After an August recess that offered little respite, for Republicans at least, Congress will return to session Tuesday with plenty to do and little time to do it in. Hurricane Harvey has further complicated an urgent need to raise the debt ceiling while simultaneously dealing with an agenda from the president that has become increasingly divergent from that of his own party.
Related: Hurricane Harvey help: Why Congress will struggle to aid Texas storm victims
Already, a package for an initial $5.9 billion in hurricane aid requested by Congress has been prepared by the White House, according to reports. The package, which will represent just a small fraction of the total support required for victims of the historic flooding, is likely to go to a vote next week, though the White House did not say Friday whether it would be tied to a deal to raise the debt ceiling. A agreement on raising the borrowing limit must be reached by September 30 in order to avoid a government shutdown.
The House Freedom Caucus has already said it will oppose combining the debt-limit increase with funding for Harvey relief.
“The Harvey relief would pass on its own, and to use that as a vehicle to get people to vote for a debt ceiling is not appropriate,” the caucus’s chairman, Representative Mark Meadows, said an interview with The Washington Post Thursday.
For House conservatives, there is no appetite to increase the debt limit without including spending cuts.
“Why would we do a clean bill with a Republican president?” Representative Dave Brat of Virginia, a member of the conservative House Freedom Caucus, said Wednesday. “We need some kind of fiscal reforms here.”
This could set up a scenario where a stopgap bill is passed to keep the government running through December. That could also be the time when Trump’s demands for Congress to fund his planned border wall come to a head, despite the president last week claiming he was ready to close down the government in order to “get that wall.”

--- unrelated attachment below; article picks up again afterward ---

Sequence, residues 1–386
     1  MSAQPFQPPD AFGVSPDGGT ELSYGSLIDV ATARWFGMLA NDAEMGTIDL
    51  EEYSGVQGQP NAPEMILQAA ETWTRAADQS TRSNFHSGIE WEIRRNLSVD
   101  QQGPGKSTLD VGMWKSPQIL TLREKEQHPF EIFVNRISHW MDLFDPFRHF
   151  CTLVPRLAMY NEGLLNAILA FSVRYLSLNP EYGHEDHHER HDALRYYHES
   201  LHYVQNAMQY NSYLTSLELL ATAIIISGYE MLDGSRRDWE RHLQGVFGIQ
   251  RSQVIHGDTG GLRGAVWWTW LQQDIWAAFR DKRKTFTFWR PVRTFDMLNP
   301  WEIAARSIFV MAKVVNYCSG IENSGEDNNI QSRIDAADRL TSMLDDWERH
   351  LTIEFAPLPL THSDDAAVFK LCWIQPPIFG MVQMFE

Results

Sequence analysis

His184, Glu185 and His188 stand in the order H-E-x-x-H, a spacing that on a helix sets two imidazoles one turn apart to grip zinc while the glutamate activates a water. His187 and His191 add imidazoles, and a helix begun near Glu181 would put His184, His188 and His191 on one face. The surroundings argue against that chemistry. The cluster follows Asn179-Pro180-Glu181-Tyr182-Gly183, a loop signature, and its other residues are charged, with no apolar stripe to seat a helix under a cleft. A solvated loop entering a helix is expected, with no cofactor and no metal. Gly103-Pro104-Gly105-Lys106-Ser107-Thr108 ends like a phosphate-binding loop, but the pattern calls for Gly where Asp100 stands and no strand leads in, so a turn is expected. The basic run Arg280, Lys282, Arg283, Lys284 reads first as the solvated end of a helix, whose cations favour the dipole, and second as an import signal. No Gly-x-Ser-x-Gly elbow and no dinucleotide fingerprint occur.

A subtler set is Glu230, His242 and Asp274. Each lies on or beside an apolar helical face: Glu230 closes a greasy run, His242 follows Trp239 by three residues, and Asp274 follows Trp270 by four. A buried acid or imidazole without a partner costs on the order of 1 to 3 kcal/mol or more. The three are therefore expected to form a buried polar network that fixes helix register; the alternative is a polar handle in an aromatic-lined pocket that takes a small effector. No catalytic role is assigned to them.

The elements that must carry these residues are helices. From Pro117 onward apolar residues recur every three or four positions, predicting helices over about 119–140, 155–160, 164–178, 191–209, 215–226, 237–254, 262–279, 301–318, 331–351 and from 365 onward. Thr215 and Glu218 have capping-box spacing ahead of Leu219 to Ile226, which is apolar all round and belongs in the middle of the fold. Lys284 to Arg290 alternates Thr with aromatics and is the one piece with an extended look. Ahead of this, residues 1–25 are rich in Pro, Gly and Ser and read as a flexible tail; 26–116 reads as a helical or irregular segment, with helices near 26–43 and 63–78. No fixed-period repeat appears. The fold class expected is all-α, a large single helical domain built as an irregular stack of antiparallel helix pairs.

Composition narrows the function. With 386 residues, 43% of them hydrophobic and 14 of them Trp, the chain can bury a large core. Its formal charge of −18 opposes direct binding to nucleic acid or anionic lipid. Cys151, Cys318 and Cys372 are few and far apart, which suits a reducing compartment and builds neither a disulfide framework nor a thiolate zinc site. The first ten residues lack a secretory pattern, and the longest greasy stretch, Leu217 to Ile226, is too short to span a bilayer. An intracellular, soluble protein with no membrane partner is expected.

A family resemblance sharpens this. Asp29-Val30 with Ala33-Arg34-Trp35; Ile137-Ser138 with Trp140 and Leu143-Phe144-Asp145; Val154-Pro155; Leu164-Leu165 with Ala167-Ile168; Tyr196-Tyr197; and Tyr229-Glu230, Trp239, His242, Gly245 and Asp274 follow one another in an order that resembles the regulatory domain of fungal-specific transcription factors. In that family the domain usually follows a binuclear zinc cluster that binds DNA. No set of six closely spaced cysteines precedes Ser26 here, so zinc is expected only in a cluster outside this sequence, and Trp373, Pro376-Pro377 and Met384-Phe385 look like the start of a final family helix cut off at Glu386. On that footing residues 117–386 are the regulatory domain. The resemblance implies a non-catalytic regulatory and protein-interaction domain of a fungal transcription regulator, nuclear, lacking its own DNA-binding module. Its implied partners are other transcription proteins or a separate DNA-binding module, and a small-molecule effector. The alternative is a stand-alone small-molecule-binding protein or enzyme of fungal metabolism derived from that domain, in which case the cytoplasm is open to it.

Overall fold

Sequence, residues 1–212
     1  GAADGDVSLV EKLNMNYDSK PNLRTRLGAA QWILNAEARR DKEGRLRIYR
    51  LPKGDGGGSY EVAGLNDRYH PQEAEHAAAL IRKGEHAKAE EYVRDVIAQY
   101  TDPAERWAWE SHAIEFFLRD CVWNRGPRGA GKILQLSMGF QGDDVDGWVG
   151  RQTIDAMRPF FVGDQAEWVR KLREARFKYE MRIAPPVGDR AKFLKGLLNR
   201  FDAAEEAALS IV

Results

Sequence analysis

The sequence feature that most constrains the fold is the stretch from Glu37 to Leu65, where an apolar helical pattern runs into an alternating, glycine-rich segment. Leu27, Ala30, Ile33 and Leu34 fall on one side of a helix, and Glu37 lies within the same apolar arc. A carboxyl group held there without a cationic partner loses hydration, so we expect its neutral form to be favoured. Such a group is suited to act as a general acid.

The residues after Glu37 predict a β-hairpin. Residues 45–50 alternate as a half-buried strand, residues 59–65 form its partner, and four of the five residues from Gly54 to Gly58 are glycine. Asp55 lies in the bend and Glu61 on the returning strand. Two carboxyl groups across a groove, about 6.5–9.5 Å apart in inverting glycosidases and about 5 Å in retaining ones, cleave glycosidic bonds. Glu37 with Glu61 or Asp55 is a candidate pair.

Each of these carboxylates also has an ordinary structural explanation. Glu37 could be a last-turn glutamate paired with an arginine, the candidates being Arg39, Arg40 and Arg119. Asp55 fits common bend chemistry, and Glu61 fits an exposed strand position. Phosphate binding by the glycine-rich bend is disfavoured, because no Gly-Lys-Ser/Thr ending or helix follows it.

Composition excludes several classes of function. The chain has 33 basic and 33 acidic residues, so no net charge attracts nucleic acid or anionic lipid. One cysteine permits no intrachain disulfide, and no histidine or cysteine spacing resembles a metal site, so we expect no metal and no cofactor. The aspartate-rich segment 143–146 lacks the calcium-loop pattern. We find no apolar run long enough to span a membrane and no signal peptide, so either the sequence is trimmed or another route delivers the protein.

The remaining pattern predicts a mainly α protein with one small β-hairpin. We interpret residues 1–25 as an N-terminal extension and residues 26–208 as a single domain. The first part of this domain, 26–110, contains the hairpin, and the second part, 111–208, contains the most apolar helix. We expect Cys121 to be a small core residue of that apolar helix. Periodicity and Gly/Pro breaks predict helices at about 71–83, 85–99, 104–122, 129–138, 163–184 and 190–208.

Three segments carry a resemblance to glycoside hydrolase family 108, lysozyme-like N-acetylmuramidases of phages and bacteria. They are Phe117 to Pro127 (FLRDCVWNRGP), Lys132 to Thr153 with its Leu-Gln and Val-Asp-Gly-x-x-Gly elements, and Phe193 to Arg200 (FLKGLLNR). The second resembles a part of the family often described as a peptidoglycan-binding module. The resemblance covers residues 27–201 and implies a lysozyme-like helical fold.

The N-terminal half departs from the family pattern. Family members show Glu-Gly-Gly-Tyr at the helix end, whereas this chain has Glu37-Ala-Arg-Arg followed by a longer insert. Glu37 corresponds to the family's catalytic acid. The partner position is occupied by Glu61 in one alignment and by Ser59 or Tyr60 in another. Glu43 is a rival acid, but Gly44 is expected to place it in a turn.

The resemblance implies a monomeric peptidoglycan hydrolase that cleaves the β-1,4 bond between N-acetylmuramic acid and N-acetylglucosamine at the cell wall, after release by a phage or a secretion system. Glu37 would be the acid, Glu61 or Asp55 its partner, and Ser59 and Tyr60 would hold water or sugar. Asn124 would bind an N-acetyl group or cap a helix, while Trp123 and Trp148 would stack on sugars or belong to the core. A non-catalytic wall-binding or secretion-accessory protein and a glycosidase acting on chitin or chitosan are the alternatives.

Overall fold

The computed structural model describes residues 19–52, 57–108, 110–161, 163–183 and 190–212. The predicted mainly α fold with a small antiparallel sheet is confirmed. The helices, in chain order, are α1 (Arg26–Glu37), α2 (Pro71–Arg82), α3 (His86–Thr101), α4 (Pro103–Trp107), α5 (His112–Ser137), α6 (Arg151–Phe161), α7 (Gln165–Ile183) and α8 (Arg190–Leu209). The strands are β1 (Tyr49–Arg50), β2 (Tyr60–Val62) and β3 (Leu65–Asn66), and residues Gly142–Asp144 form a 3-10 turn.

Those are far from the only items on Congress’s agenda. Much to the dismay of many Republicans, Trump has refused to allow attempts to repeal and replace Obamacare, which were dramatically defeated on the Senate floor in July, to die. Yet, with the relationship between Trump and Republicans having soured yet further since then, it is now likely to be even more of an uphill struggle.
“We’re not going back to health care,” Senator Orrin Hatch said last month. “We’re in tax now. As far as I’m concerned, they shot their wad on health care and that’s the way it is. I’m sick of it.”
Indeed, tax reform is supposed to be the next big legislative push from the White House and Republicans. Trump went out on the road this week, to Springfield, Missouri, in an attempt to sell an overhaul of the tax code. Yet, beyond speaking of it in populist terms, he provided few details of what the plan would look like.
Those details appear to remain some way off, with National Economic Council Director Gary Cohn saying Friday that the plans currently had only a “skeleton and framework for what taxes need to look like.”